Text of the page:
How a Gay American In Iraq Found Solace In a Lebanese Band and Their Music

Burak Cingi/Redferns
Mashrou’ Leila’s Haig Papazian (left) and Sinno at the All Points East Festival in London on May 27.

In a dark industrial space outside Beirut, two young drag queens vogue like there’s no tomorrow. Around me, a youthful microcosm goes bonkers, exulting in both 1960s Arabic pop and Paris Is Burning death drops. I’m not one for clichés, but I think to myself: This ball is quite literally giving me life.

The next day, one of the party’s organizers is arrested on suspicion of “inciting immorality.” Behold: the ballad of being queer in the region I now call home.

Home these days is Iraq, where I work for a certain large organization in human rights law. I live about an hour’s drive from Mosul, where until late 2017 ISIS was throwing young men like myself off buildings and then stoning them for good measure. It’s a far cry from the tobacco farm in the American South where I grew up WASP, cis-male and gay. The crushing beigeness of my childhood left me starving for stimulation and endlessly curious about how it would feel to be another person (probably, at least initially, because I did not much like how it felt to be me). This is why I do what I do. And this is why the soundtrack of my time in the Middle East has been the Lebanese band Mashrou’ Leila. Like that vogue ball, Leila has been for me a sorely needed sign of community where none is really allowed.

Mashrou’ Leila is probably the most loved and most hated band in the Middle East. They’ve packed stadiums in Cairo, but Egyptian police have launched brutal crackdowns on LGBTQ people after fans have waved rainbow flags. The act has been banned in Jordan, but thousands of “Leila Holics” connect online across the Arabic-speaking world. Frontman Hamed Sinno is openly gay, and his four male bandmates seem like some damn good allies. In a video response to the Jordan ban (which came with death threats), a red-eyed Carl Gerges, who plays drums, looked straight into a camera, promising to “continue making our music the way it is and the way we are.” I’ve learned to drop their name as code: If the person I’m talking to doesn't recoil in horror, we can probably hang.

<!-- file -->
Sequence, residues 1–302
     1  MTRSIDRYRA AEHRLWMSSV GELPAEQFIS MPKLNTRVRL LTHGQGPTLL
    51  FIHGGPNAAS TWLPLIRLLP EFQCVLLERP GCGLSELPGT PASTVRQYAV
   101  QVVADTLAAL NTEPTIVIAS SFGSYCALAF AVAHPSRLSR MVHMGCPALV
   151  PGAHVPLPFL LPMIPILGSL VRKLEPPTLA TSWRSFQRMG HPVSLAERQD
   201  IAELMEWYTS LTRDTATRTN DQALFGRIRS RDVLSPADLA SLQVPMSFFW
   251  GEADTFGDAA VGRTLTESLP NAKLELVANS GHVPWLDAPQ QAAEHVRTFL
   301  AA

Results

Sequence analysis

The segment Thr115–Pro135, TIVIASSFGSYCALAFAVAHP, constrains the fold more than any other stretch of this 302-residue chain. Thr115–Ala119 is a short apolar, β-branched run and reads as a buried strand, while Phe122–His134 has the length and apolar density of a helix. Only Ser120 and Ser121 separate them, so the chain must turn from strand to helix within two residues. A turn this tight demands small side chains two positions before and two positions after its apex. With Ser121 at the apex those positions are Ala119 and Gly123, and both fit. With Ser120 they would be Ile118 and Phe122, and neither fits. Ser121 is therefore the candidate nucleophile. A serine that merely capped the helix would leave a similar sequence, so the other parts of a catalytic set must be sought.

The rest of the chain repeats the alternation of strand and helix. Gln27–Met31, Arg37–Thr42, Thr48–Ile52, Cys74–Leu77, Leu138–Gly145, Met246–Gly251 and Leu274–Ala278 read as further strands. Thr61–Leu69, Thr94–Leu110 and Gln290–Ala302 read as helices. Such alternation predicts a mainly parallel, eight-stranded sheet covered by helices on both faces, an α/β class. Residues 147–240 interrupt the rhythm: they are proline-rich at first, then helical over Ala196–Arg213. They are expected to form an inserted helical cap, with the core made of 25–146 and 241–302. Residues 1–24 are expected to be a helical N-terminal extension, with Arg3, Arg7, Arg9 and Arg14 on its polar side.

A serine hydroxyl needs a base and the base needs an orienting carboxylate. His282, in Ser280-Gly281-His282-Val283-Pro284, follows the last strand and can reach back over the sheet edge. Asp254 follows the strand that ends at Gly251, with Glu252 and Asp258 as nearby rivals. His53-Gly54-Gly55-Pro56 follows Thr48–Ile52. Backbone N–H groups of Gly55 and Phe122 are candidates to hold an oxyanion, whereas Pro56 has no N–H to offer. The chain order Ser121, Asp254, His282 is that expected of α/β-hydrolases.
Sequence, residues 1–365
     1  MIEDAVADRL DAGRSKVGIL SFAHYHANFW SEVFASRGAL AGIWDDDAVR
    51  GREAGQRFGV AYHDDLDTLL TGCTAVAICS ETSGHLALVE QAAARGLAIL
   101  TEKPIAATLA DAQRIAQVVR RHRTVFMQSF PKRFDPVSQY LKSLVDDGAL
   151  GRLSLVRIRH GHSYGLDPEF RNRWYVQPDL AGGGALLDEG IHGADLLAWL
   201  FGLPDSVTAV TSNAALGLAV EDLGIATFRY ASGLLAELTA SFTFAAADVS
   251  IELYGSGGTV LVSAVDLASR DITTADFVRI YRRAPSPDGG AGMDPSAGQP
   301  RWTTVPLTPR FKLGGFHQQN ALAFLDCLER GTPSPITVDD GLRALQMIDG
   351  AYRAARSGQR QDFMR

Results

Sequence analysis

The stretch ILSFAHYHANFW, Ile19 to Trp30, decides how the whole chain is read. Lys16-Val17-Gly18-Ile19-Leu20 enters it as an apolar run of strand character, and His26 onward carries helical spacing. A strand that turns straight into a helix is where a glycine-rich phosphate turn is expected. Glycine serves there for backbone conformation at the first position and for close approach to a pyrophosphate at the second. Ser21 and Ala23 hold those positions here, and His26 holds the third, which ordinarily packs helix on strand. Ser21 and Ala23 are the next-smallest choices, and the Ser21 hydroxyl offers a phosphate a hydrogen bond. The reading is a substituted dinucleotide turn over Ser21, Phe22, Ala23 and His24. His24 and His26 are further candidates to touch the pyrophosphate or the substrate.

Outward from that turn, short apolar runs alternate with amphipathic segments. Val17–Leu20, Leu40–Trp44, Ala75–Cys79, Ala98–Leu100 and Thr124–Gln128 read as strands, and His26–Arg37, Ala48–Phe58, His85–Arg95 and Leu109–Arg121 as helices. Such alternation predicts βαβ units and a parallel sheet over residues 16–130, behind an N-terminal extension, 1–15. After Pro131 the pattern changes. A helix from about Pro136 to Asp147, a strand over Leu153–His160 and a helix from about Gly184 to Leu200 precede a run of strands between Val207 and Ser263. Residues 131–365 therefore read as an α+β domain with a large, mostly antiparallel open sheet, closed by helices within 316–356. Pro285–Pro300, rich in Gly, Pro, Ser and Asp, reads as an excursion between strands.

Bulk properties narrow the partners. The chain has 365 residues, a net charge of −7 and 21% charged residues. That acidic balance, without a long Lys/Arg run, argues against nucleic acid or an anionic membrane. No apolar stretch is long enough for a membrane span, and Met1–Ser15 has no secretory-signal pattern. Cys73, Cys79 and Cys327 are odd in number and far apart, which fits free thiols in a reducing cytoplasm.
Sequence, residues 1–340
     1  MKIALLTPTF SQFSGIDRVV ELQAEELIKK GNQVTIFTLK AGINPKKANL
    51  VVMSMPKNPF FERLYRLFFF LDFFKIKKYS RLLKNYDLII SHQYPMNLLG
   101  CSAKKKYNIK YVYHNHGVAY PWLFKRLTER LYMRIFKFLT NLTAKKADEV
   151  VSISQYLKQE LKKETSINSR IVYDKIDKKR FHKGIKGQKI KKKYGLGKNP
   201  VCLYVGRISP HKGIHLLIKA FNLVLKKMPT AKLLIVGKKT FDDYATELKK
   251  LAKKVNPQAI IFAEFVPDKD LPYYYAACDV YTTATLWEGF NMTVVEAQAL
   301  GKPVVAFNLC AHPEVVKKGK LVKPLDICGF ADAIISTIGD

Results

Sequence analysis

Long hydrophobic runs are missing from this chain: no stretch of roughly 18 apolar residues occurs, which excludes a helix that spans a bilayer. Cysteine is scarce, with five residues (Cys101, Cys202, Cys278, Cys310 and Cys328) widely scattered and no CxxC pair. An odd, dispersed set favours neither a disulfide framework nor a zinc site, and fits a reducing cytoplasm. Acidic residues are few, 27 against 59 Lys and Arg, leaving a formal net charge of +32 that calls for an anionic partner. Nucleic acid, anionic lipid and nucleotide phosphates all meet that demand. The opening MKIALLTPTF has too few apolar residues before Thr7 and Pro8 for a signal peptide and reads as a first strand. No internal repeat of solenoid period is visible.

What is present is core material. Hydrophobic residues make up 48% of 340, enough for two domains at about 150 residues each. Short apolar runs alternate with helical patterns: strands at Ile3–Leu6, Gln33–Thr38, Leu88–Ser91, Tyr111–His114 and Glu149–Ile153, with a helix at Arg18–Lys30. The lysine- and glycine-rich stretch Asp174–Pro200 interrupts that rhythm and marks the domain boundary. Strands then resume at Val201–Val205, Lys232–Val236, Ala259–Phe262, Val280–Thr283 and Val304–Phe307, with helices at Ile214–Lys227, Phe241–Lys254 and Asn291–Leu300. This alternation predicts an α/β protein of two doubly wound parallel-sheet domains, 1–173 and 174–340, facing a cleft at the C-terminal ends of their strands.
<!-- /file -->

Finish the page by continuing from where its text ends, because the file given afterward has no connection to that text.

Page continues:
Mashrou’ Leila’s eponymous 2009 debut is fun and poppy, with touches of traditional Middle Eastern sounds. But I also hear a dose of the frustration that feels inescapable where I live. “El Hajez” captures the powerless rage of getting harassed by a hair-gelled prick at a checkpoint. “Shim al Yasmine” is an aching ballad of loss expressed by one man to another. It’s the reason I started paying attention in Arabic class: Like Lauryn Hill’s “Ex-Factor” and Talking Heads’ “This Must Be the Place (Naive Melody),” it’s a song about comprehending love that’s so simple and beautiful, I can’t sing along without tearing up.

I’m often reminded that these songs aren't written for me. Even when translated, it takes a little work to dig into their themes of racism, desire, toxic masculinity and escapism. But that’s part of what I love most about them. My friends -- the mechanic in Cairo, the Algerian actor in Beirut, the Kurdish physician in Erbil, Iraq -- have their own identities. The members of Mashrou’ Leila know this, and decline to be the “voice of” anyone, but they help bring other voices forward. I finally saw Mashrou’ Leila live in London in May, and it dawned on me: The band will forever be the music of a time and place where, despite all the challenges, LGBTQ people managed to make a little space for themselves, and they let me in with love.

This article originally appeared in the June 15 issue of Billboard.